In a first, EPA says its climate rule helps kids learn

By Ariel Wittenberg | 05/24/2024 06:50 AM EDT

The agency crunched the numbers for lost school days to help justify the cost of its power plant regulation.

Yahir Garcia is treated for asthma in San Juan, Puerto Rico.

Reducing soot and particulate matter from power plants can prevent school absences, EPA says. Ramon Espinosa/AP

Fighting climate change can keep kids in school and parents at work.

That’s the finding tucked inside a 400-page regulatory impact analysis for EPA’s carbon rule finalized last month.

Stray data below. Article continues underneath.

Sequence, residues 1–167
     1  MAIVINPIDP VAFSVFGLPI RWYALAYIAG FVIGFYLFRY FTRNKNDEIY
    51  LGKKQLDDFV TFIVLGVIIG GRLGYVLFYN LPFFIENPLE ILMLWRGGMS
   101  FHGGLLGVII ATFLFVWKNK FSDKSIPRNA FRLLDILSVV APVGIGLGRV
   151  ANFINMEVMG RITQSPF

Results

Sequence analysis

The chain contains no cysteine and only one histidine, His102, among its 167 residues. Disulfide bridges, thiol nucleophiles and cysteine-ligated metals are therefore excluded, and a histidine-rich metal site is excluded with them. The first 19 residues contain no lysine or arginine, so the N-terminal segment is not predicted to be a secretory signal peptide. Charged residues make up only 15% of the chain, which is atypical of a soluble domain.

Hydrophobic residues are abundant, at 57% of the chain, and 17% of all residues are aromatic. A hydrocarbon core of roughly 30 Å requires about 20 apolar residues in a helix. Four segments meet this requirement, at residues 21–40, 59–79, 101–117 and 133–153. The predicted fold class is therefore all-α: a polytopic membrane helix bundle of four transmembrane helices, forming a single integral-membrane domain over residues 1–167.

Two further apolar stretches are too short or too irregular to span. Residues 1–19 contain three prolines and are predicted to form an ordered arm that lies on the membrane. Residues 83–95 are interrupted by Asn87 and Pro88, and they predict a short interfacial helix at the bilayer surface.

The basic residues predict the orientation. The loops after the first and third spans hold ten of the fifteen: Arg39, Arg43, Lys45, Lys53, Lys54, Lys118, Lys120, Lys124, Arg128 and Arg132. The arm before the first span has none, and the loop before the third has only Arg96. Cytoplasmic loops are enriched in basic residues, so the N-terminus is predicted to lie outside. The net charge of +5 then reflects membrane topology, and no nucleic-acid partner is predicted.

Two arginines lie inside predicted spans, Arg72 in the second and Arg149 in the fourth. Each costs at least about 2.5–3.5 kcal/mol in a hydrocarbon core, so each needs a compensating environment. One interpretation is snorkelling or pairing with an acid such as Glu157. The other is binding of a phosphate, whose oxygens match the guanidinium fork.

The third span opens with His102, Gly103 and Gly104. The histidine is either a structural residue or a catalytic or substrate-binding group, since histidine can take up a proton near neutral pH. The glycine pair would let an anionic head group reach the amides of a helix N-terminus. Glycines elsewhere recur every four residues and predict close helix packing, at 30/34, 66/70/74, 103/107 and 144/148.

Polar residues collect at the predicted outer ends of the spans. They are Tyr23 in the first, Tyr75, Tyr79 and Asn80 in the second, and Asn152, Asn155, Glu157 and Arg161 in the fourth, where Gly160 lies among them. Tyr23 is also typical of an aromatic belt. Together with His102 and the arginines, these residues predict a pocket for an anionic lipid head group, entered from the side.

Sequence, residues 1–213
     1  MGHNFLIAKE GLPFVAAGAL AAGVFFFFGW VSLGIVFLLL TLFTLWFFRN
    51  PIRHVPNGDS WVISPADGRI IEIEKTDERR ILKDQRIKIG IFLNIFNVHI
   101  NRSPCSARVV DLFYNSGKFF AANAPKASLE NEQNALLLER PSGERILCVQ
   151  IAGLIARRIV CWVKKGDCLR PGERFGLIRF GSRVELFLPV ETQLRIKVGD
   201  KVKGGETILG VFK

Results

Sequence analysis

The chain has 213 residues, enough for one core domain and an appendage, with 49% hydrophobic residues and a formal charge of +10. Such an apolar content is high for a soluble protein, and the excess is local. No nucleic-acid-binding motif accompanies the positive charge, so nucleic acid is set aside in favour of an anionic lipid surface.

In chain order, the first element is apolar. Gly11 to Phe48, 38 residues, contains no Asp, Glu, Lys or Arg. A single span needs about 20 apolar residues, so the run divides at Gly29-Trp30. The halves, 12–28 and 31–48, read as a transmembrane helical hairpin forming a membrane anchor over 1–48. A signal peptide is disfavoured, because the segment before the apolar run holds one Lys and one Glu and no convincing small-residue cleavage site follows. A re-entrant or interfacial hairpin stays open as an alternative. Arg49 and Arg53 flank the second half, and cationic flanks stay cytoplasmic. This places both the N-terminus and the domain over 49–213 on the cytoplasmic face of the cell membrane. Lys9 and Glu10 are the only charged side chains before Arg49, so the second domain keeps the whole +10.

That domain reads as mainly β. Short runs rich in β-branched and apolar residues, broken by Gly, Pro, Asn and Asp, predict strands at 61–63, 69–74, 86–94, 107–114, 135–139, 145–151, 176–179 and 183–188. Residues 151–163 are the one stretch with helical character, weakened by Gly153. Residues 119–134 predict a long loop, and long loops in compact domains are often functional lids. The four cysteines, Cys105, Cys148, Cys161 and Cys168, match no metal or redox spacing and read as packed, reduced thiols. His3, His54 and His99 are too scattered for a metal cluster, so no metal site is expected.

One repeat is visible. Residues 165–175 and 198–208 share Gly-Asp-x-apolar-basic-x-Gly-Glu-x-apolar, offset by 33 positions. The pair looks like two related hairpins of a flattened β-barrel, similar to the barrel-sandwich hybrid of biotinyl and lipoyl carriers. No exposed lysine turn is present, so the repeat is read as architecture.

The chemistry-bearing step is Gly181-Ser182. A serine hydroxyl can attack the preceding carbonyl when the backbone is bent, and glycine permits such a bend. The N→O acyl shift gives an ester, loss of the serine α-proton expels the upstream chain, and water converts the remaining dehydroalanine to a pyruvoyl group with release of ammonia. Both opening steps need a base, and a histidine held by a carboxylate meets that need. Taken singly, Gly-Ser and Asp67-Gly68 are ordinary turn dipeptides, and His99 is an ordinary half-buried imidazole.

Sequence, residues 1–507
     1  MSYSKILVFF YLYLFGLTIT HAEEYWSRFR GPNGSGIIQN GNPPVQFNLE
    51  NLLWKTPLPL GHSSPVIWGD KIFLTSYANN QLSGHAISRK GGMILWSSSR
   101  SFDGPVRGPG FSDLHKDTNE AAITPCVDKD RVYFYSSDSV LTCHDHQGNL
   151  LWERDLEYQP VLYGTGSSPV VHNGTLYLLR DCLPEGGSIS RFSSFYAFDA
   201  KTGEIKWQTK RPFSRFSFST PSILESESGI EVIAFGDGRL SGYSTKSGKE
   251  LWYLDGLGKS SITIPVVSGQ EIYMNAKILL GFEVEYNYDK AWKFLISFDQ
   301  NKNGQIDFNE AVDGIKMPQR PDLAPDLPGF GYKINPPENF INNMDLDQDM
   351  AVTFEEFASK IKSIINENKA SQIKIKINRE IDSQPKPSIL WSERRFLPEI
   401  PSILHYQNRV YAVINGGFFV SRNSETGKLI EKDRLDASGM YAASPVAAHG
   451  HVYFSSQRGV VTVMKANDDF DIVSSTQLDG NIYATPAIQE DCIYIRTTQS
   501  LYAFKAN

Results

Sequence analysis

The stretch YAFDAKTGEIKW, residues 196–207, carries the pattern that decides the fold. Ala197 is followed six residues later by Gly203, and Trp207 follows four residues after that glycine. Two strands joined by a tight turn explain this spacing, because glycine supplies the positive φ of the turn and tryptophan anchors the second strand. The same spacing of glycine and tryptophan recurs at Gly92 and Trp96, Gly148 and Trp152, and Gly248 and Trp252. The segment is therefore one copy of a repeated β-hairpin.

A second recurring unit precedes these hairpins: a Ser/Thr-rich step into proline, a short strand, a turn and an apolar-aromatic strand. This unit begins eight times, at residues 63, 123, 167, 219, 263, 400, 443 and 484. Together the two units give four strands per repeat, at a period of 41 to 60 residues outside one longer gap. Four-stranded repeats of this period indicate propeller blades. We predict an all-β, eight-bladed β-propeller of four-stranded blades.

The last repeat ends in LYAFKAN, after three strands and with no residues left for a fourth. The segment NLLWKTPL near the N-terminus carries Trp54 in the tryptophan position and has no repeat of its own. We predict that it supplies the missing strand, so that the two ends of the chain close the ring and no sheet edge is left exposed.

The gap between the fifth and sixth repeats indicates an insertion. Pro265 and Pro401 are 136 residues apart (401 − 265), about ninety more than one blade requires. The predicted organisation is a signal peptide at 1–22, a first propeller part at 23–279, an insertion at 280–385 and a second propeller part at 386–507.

The sweeping regulation made headlines for the effect it could have on greening the power sector by reducing carbon emissions from coal-fired power plants and future natural gas facilities. But it also packs a punch for public health — including in ways that have not been quantified in previous regulations.


In requiring new gas and existing coal plants to slash climate pollution 90 percent by 2032, the rule also lowers people’s exposure to ozone and particulate matter.